Nazi salute, Fascist salute, Hitler salute tracked to New York !!!
(Rome NY; not Rome, Italy) & Francis Bellamy

Nazi salute, Fascist salute, Hitler salute. The original Pledge of Allegiance


Read the new book "Swastikas, Holocausts, Nazis & the USA"

For a long list of articles exposing the pledge see
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The Nazi salute has been traced to New York.  The straight-arm salute began in the city of Rome in the state of New York, and not in Rome, Italy, according to a new book "Swastikas, Holocausts, Nazis & the USA" 

In the past, the Nazi salute was called the "Roman" salute and attributed without support to ancient Rome.  

New evidence shows that the Roman salute and its name originated from Rome, NY via  Francis Bellamy, author of the USA's pledge of allegiance, who grew up in Rome and is buried there. The pledge originally used the straight-arm salute.

More eye-popping photos are at   

And a jaw-dropping timeline is at

See video documentary at

Hear audio podcast at 

New York's Nazi salute began in 1892 when the pledge was written.  The Roman salute myth arose from the fact that Francis Bellamy (the author of the pledge of allegiance and of its original straight-arm salute) was from the city of Rome (in the state of New York, not in Italy) and people and things from the city in New York state were referred to as "Roman" and still are today. 

The Utica Observer referenced Francis Bellamy with this headline on August 28, 1936 "Roman Lived to See U. S. Adopt Famed Flag Salute."  At that time, the stiff-arm salute continued to be used as the famed flag salute.

Francis Bellamy and his cousin and cohort Edward Bellamy were self-proclaimed socialists in the nationalism movement, they espoused "military socialism" and they wrote for the "Nationalist" magazine and its "Nationalist Educational Association" (NEA) named with deliberate similarity to the National Education Association (NEA).  Only one place on the internet exposes the "Nationalist" magazine and it is below or at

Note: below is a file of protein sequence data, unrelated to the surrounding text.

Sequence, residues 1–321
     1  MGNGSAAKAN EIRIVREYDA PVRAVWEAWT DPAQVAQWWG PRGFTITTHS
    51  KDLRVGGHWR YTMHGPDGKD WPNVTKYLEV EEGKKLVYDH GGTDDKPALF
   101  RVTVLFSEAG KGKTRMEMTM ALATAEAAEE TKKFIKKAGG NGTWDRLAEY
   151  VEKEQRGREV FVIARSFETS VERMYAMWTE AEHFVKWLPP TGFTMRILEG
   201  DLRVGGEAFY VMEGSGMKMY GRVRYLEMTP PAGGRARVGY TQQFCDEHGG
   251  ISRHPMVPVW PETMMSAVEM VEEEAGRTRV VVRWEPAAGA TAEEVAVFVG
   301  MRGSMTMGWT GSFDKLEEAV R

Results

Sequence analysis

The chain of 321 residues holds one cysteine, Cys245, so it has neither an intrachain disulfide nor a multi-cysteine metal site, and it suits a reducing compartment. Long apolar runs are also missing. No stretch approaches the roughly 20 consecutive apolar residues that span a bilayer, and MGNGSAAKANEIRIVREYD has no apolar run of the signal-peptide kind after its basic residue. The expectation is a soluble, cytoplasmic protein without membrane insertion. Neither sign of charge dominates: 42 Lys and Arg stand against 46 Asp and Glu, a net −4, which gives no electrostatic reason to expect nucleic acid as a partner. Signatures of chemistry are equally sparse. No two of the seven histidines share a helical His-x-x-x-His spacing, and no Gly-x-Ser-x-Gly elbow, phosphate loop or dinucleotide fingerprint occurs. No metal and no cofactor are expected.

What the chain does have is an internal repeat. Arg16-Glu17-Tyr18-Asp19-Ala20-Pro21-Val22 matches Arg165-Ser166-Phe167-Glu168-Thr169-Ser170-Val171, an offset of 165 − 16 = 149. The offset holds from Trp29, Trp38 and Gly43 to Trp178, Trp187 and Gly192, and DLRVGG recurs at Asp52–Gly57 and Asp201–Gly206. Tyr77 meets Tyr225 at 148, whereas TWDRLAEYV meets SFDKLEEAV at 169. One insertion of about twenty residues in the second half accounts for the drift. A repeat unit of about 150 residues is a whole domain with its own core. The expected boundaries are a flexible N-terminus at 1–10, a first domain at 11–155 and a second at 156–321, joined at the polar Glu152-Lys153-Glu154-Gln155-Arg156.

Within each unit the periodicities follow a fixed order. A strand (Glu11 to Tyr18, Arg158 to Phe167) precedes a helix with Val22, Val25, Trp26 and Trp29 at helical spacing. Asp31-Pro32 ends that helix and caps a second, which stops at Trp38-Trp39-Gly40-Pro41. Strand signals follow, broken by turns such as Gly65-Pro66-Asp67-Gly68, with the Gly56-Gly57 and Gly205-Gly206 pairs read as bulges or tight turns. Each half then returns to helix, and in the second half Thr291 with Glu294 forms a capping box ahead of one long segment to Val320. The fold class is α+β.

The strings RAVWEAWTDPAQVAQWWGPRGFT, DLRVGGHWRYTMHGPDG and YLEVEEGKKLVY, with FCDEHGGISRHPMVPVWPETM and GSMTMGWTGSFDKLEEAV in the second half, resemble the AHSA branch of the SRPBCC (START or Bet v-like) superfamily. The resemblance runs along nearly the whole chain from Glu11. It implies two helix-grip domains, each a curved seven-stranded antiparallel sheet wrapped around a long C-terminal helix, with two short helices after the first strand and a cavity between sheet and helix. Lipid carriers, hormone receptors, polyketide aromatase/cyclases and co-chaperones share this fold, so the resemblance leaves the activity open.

Francis Bellamy was also a leader in the National Education Association (NEA) and used it to promote his dogma. The Bellamys advocated nationalization of the entire economy, and that government take over schools and eliminate all of the better alternatives. They wanted government schools to produce an "industrial army" (a Bellamy term) explicitly modeled upon the military.  That is why they supported a national flag over every school and a daily pledge of allegiance to the national government.  

The government's schools institutionalized segregation and taught racism as official policy. During that time children in government-schools were required by law to salute the flag with the straight-armed salute in military formation daily on the ring of a government bell, like Pavlov’s lapdogs of the state. 

The bizarre practice in the USA served as an example for three decades before it was adopted by the National Socialist German Workers’ Party.  When Jesse Owens competed in the 1936 Olympics in Nazi Germany, his neighbors attended segregated government schools where they saluted the flag with the Nazi salute.  As under Nazism, Jehovah's Witnesses and others in the USA were persecuted for refusing to perform the straight-arm salute and robotically chant the pledge.  They were also expelled from government schools and had to use the many better alternatives.  The U.S. practice of official racism and segregation in government schools even outlasted the horrid Nazi Party, into the 1960's and beyond.  Thereafter, the Bellamy legacy caused more police-state racism of forced busing that destroyed communities and neighborhoods and deepened hostilities.

Military socialism spread in the USA. In 1916, fasces appeared on the Mercury dime. It was propaganda to con Americans into another one of the many stupid wars that the USA's government either started or joined: WWI (the war to make the world safe for democracy, har har).  Money was socialized in the U.S. (the Federal Reserve Act was imposed in 1913). In 1915, fasces appeared on an Indian head gold coin in the talons of an eagle. The fasces also appeared on some 25 cent coins.